Using Auctions to Price Employee Stock Options: The Case of Zions Bancorporation ESOARS
43 Pages Posted: 5 Mar 2007
Date Written: August 14, 2007
To estimate the grant-date expense of their employee stock options (ESOs), as required under the new accounting rules (FAS 123R), companies have typically had to choose among various theoretical valuation models because there is no secondary market for ESOs. Different models, all permissible under FAS 123R, produce widely different values, raising questions about the efficacy of the new rules. We study an alternative market-based scheme, recently proposed by Zions Bancorporation, in which options are valued by means of an online auction of securities (ESOARS) that track the aggregate payments made to the reference ESOs. Zions has conducted two ESOARS auctions, under somewhat different rules (in June 2006 and May 2007). We investigate whether the auctions represent an effective, arms-length approach to the pricing of ESOs - as indicated by bidders' demand elasticity and a comparison of the auction prices to various model-based estimates. Despite legitimate concerns about size and seller incentives, we find that the auction mechanism appears quite resilient in terms of delivering fair values of ESOs. In particular, the 2007 auction - with rules that, for instance, reduce incentives to delay bidding ('snipe') - produced a value similar to those generated by models that explicitly consider the historical pattern of employees' early exercise decisions (e.g., Bajaj et. al. (2006)). Policy and other implications of our findings are discussed as well.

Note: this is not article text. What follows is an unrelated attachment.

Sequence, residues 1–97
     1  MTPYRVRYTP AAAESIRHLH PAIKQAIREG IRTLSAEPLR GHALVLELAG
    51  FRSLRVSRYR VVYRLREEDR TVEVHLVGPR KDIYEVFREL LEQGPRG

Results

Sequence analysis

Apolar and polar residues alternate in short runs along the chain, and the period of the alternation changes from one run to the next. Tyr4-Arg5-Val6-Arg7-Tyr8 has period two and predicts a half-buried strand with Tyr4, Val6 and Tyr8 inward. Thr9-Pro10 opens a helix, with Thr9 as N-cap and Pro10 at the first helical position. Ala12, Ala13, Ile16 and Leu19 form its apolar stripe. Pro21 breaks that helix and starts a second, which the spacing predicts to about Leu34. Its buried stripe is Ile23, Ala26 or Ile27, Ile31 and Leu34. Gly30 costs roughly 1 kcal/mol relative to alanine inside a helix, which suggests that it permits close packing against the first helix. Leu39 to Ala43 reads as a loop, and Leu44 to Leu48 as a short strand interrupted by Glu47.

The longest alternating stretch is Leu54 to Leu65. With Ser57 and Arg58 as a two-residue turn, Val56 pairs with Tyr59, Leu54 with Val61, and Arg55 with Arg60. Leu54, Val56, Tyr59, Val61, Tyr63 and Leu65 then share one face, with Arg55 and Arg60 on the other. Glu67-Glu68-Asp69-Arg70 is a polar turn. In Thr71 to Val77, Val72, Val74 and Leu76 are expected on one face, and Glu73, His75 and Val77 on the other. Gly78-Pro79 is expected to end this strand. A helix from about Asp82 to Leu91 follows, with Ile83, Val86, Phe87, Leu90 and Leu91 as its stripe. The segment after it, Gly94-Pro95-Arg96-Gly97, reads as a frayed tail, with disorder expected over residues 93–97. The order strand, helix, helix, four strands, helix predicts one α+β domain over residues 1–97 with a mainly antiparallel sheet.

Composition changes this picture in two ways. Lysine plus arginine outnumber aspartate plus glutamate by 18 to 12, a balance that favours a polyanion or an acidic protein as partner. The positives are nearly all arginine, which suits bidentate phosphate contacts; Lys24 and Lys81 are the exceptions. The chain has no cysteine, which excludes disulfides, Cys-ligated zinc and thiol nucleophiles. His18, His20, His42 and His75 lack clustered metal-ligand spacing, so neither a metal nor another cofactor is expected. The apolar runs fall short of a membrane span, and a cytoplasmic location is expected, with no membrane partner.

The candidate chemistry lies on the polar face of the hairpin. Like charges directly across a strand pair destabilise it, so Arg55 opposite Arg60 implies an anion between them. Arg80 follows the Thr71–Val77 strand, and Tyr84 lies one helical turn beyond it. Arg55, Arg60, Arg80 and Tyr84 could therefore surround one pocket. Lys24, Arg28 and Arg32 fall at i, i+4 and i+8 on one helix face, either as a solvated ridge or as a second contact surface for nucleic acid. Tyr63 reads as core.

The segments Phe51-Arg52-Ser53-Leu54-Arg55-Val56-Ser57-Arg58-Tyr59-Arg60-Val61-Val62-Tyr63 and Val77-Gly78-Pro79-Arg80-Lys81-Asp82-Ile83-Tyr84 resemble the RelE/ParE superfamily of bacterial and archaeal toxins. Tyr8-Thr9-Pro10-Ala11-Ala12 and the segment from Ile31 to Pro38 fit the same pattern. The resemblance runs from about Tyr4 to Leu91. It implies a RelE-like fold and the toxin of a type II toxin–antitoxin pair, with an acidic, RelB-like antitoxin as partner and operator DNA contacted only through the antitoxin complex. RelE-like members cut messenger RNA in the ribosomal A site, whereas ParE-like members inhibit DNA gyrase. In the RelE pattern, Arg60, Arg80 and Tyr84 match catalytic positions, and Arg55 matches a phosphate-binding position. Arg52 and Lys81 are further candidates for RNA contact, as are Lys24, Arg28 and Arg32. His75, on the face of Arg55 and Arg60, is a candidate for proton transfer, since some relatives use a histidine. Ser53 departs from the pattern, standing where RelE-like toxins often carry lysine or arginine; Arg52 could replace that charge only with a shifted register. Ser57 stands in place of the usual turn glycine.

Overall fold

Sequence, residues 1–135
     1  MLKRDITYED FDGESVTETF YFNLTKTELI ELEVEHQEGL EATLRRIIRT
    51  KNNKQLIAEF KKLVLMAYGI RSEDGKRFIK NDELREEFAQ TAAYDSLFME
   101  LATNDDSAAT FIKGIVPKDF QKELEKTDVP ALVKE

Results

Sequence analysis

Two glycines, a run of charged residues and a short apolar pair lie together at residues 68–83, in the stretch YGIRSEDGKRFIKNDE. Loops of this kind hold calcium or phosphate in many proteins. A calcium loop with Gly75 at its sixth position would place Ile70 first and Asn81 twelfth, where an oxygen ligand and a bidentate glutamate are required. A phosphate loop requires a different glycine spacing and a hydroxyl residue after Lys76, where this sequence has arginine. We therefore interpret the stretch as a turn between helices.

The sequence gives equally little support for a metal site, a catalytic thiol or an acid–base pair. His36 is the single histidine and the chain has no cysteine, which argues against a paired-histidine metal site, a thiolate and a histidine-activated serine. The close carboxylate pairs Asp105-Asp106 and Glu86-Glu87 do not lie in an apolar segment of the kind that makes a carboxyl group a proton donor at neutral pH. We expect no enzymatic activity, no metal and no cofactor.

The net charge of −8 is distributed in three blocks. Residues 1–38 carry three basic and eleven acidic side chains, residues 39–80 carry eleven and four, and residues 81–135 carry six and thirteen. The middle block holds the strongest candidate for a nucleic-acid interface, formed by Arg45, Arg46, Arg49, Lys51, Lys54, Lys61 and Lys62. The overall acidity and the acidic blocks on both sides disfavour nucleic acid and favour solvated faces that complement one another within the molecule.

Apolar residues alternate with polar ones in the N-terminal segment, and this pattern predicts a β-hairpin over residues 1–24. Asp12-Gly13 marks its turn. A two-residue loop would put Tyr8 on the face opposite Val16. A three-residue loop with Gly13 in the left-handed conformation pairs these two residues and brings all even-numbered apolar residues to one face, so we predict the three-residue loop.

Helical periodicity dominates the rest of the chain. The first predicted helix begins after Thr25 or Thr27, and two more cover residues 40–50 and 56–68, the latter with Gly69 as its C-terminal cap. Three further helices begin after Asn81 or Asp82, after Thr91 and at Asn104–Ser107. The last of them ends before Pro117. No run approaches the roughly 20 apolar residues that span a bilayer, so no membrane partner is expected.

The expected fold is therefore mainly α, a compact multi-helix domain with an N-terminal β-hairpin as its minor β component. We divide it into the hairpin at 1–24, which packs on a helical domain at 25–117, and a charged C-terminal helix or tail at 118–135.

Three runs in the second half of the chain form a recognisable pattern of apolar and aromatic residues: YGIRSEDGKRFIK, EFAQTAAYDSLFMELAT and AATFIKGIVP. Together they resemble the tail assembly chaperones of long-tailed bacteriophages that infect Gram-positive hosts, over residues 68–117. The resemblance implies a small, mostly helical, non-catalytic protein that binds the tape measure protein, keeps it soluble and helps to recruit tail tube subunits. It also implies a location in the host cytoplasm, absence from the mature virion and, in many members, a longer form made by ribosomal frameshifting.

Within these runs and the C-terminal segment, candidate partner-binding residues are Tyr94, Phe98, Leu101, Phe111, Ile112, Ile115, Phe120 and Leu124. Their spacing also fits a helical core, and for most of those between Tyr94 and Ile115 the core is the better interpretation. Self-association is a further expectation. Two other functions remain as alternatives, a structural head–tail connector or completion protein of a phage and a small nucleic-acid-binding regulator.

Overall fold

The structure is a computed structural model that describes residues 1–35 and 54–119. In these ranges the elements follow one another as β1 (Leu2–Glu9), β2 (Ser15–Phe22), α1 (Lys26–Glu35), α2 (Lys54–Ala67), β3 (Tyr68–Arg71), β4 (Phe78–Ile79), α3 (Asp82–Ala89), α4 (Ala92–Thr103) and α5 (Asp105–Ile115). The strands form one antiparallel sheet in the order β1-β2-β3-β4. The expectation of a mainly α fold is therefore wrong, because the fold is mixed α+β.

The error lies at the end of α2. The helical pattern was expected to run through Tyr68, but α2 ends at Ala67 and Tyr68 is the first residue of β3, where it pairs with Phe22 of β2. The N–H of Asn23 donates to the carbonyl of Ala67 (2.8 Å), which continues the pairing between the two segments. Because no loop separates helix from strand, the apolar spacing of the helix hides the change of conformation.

Keywords: auctions, employee stock options, financial reporting
JEL Classification: G10, G13, G18, D44
Suggested Citation: Suggested Citation